Scientists have said that wearing gloves does not protect against harmful bacteria.
Six researchers, who analysed food safety studies as far back as the 1930s, found that gloved hands can contribute as much if not more bacteria to food products compared to bare hands, reports Discovery News.
One reason is that they create a false sense of security, which in turn often leads to more risky behaviour.
The researchers found that glove-wearers were less likely to wash their hands after potential cross-contamination risks such as coughing, touching the body, eating, using hand tissues, touching a cell phone and so on, compared to those not wearing gloves.
In fact, researchers found workers who wear gloves do not remove them and wash their hands as often as they should.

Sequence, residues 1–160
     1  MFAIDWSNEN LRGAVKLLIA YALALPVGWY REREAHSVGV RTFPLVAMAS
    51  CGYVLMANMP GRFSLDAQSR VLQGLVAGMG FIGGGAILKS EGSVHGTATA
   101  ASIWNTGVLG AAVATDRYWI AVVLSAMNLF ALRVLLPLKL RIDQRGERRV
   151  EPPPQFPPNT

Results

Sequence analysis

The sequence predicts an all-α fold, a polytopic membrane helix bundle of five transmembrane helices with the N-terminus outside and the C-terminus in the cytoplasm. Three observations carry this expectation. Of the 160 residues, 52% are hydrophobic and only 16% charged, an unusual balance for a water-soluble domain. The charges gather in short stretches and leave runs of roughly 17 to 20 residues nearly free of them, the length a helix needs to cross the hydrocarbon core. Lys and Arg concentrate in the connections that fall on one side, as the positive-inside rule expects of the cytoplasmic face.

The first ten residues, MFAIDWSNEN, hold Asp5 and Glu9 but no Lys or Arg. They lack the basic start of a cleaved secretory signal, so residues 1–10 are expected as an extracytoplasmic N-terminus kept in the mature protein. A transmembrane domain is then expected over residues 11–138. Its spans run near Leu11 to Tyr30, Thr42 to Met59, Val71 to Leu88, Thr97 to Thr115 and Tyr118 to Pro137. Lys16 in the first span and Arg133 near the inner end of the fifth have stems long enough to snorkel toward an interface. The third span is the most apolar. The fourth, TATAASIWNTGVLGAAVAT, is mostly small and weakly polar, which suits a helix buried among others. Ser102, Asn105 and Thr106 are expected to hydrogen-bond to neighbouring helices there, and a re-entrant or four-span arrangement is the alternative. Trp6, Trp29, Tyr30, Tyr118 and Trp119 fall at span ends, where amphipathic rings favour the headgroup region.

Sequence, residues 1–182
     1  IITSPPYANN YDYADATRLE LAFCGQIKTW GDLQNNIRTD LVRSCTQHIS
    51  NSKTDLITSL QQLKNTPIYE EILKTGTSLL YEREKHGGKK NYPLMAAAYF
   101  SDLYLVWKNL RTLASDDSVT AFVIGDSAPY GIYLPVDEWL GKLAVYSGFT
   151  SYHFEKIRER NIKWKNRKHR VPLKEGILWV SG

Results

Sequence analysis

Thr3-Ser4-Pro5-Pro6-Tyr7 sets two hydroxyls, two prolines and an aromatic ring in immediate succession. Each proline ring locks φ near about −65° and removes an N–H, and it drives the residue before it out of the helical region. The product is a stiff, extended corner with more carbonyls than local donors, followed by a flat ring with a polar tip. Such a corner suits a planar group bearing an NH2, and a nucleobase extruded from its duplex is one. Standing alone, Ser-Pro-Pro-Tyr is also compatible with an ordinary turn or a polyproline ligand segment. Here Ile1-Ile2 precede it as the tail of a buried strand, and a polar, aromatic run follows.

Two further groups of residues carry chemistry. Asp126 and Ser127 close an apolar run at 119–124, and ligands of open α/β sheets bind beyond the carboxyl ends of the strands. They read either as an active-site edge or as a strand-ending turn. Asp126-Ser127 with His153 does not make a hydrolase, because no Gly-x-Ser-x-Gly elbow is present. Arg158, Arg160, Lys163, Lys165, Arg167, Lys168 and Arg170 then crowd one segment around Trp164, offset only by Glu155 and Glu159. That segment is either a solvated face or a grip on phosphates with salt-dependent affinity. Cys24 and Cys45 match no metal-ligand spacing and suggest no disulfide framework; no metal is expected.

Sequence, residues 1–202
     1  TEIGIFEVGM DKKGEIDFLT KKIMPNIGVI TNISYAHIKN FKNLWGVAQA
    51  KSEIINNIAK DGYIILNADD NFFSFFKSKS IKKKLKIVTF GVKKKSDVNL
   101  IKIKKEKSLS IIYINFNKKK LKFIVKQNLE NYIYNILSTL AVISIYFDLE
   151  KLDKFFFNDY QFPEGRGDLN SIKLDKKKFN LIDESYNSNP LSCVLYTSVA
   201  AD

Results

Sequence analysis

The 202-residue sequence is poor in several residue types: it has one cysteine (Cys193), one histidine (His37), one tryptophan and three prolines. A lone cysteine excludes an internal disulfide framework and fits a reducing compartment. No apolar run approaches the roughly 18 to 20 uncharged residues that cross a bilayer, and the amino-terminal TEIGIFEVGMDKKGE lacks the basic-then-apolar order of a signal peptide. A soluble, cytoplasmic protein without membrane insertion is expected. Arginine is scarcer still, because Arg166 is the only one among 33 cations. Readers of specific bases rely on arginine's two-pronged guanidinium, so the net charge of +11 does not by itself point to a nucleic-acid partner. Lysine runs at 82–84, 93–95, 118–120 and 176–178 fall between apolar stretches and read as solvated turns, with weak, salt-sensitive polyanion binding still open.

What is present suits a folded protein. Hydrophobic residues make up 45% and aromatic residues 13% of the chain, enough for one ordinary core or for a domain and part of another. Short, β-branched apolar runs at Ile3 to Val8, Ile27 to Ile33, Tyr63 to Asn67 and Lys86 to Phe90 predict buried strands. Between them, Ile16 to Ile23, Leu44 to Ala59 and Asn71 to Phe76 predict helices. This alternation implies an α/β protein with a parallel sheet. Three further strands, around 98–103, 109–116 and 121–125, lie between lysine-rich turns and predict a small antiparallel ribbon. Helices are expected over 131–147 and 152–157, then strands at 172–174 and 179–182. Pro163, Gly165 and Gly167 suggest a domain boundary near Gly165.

After more than two hours of wearing gloves, total bacteria on the wearer's hands grow by one order of magnitude.
Another risk is breakage, often in the form of pinholes too small to be noticed.
To be fair, wearing gloves is not always easy. Latex glove wearers can develop skin redness, itching, rashes and allergies, encouraging some workers to skip the gloves.
Rubber gloves are too expensive to be used only once, and therefore must be effectively washed and sanitized for multiple use.
Washing and sanitizing is not often done correctly or on schedule.
The researchers concluded that gloves couldn't be used as a stand-alone hygienic measure. The best defence against food contamination remains old-fashioned, frequent hand washing.
The findings were published in the Journal of Food Protection.